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From "Thiruvalluvan M. G. (JIRA)" <j...@apache.org>
Subject [jira] Commented: (AVRO-392) Binary Decoder Performance and flexibility overhaul
Date Sat, 06 Feb 2010 03:59:27 GMT

    [ https://issues.apache.org/jira/browse/AVRO-392?page=com.atlassian.jira.plugin.system.issuetabpanels:comment-tabpanel&focusedCommentId=12830449#action_12830449

Thiruvalluvan M. G. commented on AVRO-392:

bq. Can anyone come up with a use case where inputStream() combined with remaining() to detect
how far ahead it read and the means to retrieve those bytes, is not sufficient?

private GenericDatumReader<X> reader;
int f(InputStream in) {
    if (some_condition) {
         BinaryDecoder d = new BinaryDecoder(in);
         X x = reder.read(null, d);
         return f2(x);
    } else {
        // Do something else with in.
        return 100;

void f2(InputStream in) {
    if (some_condition) {
    // dome something more with in.

Now the decision to do use Avro is local to f(). But to make it work with the overshoot-Binary
decoder, it must somehow return a new InputStream.  For the same reason, f2, which is not
even aware of Avro, must return an InputStream. If the InputStream gets passed for n levels,
all n levels should somehow return the new InputStream, which I think is a pain.

If the original InputStream is a field in a class, it cannot be final.

Assume that one is willing to return InputStream all the way. This InputStream is actually
InputStreamByteSource. The further users of this inputstream will go though additional function
call overhead due to InputStreamByteSource for the rest of its lifetime. With the current
implementation, it means single-byte IO.

If Avro is a small part of project, it would pollute the design for small performance improvement
for them. With the old BinaryDecoder, they have a choice - clean interface or performance.

Agreed InputStream is bad for performance and people should not use it, if they can. But it
is the most common binary input interface in Java and is not going to go away anytime soon.

Bq. One option is to make a "DirectBinaryDecoder" class that has the same capabilities as
the old one, and supports only InputStream construction.
Name doesn't matter to me. You can trivially support init(byte[], int, int) with a ByteArrayInputStream.
We could move out the inputStream() method out of Decoder.

> Binary Decoder Performance and flexibility overhaul
> ---------------------------------------------------
>                 Key: AVRO-392
>                 URL: https://issues.apache.org/jira/browse/AVRO-392
>             Project: Avro
>          Issue Type: Improvement
>          Components: java
>            Reporter: Scott Carey
>            Assignee: Scott Carey
>            Priority: Critical
>             Fix For: 1.3.0
>         Attachments: AVRO-392-preview.patch, AVRO-392.patch, AVRO-392.patch, AVRO-392.patch
> BinaryDecoder has room for significant performance improvement.  [AVRO-327|https://issues.apache.org/jira/browse/AVRO-327]
has some preliminary work here, but in order to satisfy some use cases there is much more
work to do.
> I am opening a new ticket because the scope of the changes needed to do this the right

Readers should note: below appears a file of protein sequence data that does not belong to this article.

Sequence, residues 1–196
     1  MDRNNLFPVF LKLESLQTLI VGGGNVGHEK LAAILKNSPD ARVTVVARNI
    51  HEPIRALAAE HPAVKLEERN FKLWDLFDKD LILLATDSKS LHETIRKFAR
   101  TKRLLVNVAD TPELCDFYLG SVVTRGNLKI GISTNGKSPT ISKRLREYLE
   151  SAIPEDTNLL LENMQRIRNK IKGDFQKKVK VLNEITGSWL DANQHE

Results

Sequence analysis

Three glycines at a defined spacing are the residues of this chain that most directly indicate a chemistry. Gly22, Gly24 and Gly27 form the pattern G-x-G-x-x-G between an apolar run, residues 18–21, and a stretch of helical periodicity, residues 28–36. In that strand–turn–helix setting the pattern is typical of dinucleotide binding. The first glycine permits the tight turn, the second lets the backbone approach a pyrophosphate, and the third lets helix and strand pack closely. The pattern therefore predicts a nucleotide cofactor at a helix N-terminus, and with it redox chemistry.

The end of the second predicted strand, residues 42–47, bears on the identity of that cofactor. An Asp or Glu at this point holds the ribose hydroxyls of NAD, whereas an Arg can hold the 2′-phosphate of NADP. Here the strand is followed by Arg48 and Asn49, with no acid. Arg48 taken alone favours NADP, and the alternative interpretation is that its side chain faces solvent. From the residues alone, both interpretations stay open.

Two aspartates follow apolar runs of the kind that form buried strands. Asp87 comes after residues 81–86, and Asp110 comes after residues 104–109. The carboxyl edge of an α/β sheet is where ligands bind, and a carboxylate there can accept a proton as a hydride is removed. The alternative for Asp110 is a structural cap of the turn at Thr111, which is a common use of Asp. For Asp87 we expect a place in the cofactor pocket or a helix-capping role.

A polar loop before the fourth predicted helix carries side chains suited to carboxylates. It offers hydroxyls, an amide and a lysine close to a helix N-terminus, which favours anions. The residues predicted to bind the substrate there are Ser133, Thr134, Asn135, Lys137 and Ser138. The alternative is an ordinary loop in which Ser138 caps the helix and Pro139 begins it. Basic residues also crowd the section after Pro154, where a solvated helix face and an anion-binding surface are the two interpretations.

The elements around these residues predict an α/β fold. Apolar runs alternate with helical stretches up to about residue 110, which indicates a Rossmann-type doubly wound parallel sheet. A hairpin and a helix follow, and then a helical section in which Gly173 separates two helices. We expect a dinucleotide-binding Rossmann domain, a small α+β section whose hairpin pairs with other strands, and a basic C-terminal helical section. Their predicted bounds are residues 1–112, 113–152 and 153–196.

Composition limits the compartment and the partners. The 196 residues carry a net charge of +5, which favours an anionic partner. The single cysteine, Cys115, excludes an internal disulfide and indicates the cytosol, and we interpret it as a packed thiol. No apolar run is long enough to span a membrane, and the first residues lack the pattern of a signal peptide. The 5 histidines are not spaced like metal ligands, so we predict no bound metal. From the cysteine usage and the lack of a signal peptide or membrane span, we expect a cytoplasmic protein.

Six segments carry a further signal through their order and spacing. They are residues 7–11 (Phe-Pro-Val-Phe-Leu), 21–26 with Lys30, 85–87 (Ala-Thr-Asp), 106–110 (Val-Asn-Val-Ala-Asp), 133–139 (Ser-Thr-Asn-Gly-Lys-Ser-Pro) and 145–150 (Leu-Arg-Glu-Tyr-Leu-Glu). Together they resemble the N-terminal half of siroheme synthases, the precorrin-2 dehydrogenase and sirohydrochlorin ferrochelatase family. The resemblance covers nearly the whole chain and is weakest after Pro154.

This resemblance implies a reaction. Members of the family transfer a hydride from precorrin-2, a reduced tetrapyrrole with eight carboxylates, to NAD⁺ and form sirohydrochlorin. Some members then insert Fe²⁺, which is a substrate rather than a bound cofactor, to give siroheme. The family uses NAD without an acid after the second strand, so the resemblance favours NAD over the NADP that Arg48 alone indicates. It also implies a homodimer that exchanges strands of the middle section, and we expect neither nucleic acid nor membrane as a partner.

way are larger.
> I have done a large bulk of a new implementation that abstracts a 'ByteSource' from the
BinaryDecoder.  Currently BinaryDecoder is tightly coupled to InputStream.  The ByteSource
can wrap an InputStream, FileChannel, or byte[] in this version, but could be extended to
support other channel types, sockets, etc.  This abstraction allows the BinaryDecoder to buffer
data from various sources while supporting interleaved access to the underlying data and greater
flexibility going forward.
> The performance of this abstraction has been heavily tuned so that maximum performance
can be achieved even for slower ByteSource implementations.
> For readers that must interleave reads on a stream with the decoder, this includes a
> {code}
> public InputStream inputStream();
> {code}
> method on the decoder that can serve interleaved reads.  
> Additionally it will be necessary to have a constructor on BinaryDecoder that allows
two BinaryDecoders to share a stream (and buffer).
> Performance results on this new version is better than previous prototypes:
> *current trunk BinaryDecoder*
> {noformat}
> ReadInt: 983 ms, 30.497877855999185 million entries/sec
> ReadLongSmall: 1058 ms, 28.336666040111496 million entries/sec
> ReadLong: 1518 ms, 19.75179889508437 million entries/sec
> ReadFloat: 657 ms, 45.61031157924184 million entries/sec
> ReadDouble: 761 ms, 39.387756709704355 million entries/sec
> ReadBoolean: 331 ms, 90.4268145647456 million entries/sec
> RepeaterTest: 7718 ms, 3.886725782038378 million entries/sec
> NestedRecordTest: 1884 ms, 15.91964611687992 million entries/sec
> ResolverTest: 8296 ms, 3.616055866616717 million entries/sec
> MigrationTest: 21216 ms, 1.4139999570144013 million entries/sec
> {noformat}
> *buffering BinaryDecoder*
> {noformat}
> ReadInt: 187 ms, 160.22131904871262 million entries/sec
> ReadLongSmall: 372 ms, 80.4863521975457 million entries/sec
> ReadLong: 613 ms, 48.882385721129246 million entries/sec
> ReadFloat: 253 ms, 118.16606270679061 million entries/sec
> ReadDouble: 275 ms, 108.94314257389068 million entries/sec
> ReadBoolean: 222 ms, 134.85327963176064 million entries/sec
> RepeaterTest: 3335 ms, 8.993007936329503 million entries/sec
> NestedRecordTest: 1152 ms, 26.0256943004597 million entries/sec
> ResolverTest: 4213 ms, 7.120659335077578 million entries/sec
> MigrationTest: 15310 ms, 1.9594884898992941 million entries/sec
> {noformat}
> Performance is 2x to 5x the throughput of trunk on most tests.  

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